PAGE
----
Hat on Top, Coat Below


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March 10, 2003

Today started well enough, especially considering it’s Monday. I woke up a little before the alarm and my morning routine went smoothly. Deciding what to wear was even easy; when the temperature is this cold on a work day, it’s wool sweater time, and I’ve got only a few of those because I hate washing sweaters by hand and am not keen on having to take them to the dry cleaners, either. I was all ready to go with a few minutes to spare, so I folded the laundry still left on the drying racks from the weekend’s wash-a-thon and got that task off my list. Something accomplished before 8 a.m.; that’s an excellent feeling.

Then I got to work and opened my e-mail. Not only were there pages and pages of new messages, the ratio of ones I had to pay attention to ones I could ignore was unusually high. The guy I was covering for last week is back, and he’d sent a bunch of questions about things I’d done in his absence. Annoyingly, he also sent questions about things he thought I’d done but which were actually someone else’s handiwork, but I still had to respond to those, and politely, too, because he’ll be covering for me when I’m gone. The worst of it, though, were the many customer requests for fixes and changes. I stayed late on Friday to help with the setup of a new test server for the customer who moved their go live date up to April 1, and they’re now in a testing frenzy the likes of which we haven’t seen before. When I left on Friday, I had one only one open request from them, but by the time I finished reading my new e-mail this morning, I had seven and have been battling all morning to keep that number from growing any more.

I feel besieged. I complete a user request and two more pop up, or one I thought I’d completed reappears. Piddly changes that make me want to scream keep me from focusing on the meatier tasks, and nothing’s ever low priority. Knowing I’m not supposed to leave for the day with any requests assigned to me left open (except for ones that come in right at the end of the day; my boss is not that unreasonable), I look at this list that never seems to be getting shorter and begin to despair just a little. I’m surrounded and have no escape. Everyone else on the team is similarly beset by requests, so help won’t be forthcoming from them. Even the new guy is loaded up with stuff to do.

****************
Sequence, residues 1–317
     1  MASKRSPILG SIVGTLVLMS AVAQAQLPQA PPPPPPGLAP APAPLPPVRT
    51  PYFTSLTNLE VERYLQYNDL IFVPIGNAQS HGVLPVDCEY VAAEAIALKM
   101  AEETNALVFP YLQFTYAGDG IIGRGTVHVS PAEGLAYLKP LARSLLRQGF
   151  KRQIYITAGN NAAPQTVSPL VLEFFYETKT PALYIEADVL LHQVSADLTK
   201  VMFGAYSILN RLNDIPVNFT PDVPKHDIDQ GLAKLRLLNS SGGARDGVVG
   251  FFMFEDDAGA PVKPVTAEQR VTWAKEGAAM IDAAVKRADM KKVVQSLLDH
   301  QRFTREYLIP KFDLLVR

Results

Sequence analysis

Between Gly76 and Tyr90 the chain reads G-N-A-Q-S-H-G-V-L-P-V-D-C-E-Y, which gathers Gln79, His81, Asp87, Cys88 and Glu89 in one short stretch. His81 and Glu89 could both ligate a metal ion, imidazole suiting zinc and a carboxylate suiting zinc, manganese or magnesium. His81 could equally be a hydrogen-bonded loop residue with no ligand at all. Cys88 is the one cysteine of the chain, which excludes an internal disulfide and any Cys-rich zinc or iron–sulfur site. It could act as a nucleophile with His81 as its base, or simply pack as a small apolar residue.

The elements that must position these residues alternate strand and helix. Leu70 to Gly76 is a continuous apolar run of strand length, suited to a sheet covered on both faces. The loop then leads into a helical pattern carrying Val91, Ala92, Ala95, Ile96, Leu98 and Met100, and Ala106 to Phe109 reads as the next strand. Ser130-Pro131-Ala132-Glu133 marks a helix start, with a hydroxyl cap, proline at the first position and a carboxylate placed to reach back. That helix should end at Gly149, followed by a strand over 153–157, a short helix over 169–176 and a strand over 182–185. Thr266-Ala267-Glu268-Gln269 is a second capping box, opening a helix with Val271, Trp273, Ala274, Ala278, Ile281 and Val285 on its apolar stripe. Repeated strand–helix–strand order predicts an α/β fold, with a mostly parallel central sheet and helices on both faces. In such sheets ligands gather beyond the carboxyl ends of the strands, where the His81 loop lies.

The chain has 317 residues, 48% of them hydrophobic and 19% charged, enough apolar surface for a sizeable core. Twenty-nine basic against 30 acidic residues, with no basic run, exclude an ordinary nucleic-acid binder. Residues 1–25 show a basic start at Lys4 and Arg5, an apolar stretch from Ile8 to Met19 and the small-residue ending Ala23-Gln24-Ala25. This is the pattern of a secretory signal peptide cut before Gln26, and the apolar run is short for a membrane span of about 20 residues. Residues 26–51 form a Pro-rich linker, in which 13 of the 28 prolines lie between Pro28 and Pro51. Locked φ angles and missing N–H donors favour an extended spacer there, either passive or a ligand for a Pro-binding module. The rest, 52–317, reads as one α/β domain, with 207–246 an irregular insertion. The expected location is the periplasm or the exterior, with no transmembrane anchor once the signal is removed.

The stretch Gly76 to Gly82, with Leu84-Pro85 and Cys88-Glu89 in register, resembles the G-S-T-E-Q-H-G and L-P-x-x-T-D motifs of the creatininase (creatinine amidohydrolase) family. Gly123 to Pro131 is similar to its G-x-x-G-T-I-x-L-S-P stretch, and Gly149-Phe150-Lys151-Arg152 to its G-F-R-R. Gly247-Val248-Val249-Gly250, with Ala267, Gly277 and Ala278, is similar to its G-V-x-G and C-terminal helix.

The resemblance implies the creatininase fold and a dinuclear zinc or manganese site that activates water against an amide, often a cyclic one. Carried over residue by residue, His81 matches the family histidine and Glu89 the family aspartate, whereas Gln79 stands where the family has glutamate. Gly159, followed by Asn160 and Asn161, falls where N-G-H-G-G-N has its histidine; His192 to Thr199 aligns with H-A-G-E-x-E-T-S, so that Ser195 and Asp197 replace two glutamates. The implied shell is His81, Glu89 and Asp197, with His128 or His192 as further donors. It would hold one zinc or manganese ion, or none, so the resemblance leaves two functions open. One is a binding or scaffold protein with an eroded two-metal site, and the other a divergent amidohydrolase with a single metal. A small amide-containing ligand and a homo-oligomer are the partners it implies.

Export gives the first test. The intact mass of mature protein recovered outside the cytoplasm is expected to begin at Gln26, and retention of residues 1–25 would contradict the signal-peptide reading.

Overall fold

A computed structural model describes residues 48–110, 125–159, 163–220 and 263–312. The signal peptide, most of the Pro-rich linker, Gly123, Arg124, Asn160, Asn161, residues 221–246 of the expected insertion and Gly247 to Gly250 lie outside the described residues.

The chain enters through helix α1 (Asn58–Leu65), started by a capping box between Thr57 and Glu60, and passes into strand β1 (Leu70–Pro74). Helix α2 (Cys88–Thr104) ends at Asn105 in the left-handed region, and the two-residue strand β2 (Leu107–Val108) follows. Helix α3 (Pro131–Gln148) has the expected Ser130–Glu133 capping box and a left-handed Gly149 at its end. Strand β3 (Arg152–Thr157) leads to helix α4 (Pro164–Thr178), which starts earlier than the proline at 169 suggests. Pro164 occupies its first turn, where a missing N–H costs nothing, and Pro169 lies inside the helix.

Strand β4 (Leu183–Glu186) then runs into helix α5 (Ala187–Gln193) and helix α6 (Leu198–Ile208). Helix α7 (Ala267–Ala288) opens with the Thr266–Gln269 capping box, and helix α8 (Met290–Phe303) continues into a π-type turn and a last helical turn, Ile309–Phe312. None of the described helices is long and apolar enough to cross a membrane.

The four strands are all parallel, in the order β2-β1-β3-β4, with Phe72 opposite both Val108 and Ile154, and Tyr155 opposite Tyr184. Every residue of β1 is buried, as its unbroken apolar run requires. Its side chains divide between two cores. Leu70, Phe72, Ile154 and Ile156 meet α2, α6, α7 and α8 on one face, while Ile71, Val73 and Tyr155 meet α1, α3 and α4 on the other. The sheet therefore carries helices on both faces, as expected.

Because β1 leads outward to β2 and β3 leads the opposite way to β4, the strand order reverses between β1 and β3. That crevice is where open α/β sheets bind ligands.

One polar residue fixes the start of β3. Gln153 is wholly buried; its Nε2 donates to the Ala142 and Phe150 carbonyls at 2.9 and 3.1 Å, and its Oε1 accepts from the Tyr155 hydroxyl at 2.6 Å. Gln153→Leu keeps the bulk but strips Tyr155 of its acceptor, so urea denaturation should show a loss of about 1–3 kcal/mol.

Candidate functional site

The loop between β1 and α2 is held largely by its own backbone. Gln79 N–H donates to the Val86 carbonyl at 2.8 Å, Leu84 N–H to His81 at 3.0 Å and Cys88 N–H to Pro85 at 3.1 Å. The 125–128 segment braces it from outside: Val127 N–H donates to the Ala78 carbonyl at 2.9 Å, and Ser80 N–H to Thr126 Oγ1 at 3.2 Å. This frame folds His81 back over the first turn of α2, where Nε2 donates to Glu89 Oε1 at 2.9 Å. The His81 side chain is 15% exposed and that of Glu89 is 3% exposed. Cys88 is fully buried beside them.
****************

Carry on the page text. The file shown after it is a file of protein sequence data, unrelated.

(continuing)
Yet even as I stress about when I’ll be able to go home tonight, I appreciate what bright spots there are. That I’m getting so many requests assigned to me means I’m seen as a capable programmer; considering the online system uses three languages that didn’t exist when I went to school, that’s an accomplishment and means it wasn’t a fluke when I came to work here and learned to program for the client server systems. And once in a while, I’ll open an e-mail sent in response to a completed request notification and instead of a follow up question or another request, it’ll say “thank you for the quick response” or simply “Perfect!”, so I know my customer appreciates what I ‘m doing. Of course, in the time it’s taken me to write this entry, my customer has entered three more requests for things I need to do before they can appreciate them, so I’d best get back to it.

B is for Beleaguered

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